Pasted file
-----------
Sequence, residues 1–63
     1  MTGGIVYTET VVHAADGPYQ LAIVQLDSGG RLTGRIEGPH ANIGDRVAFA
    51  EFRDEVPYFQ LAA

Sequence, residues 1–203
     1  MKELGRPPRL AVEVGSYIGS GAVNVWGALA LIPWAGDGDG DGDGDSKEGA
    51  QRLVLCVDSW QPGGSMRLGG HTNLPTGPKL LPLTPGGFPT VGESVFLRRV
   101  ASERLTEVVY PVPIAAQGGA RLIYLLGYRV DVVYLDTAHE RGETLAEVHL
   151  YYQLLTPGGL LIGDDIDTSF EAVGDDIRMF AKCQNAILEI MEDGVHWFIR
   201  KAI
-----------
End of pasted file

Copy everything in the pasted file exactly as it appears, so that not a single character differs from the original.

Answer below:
Sequence, residues 1–63
     1  MTGGIVYTET VVHAADGPYQ LAIVQLDSGG RLTGRIEGPH ANIGDRVAFA
    51  EFRDEVPYFQ LAA

Sequence, residues 1–203
     1  MKELGRPPRL AVEVGSYIGS GAVNVWGALA LIPWAGDGDG DGDGDSKEGA
    51  QRLVLCVDSW QPGGSMRLGG HTNLPTGPKL LPLTPGGFPT VGESVFLRRV
   101  ASERLTEVVY PVPIAAQGGA RLIYLLGYRV DVVYLDTAHE RGETLAEVHL
   151  YYQLLTPGGL LIGDDIDTSF EAVGDDIRMF AKCQNAILEI MEDGVHWFIR
   201  KAI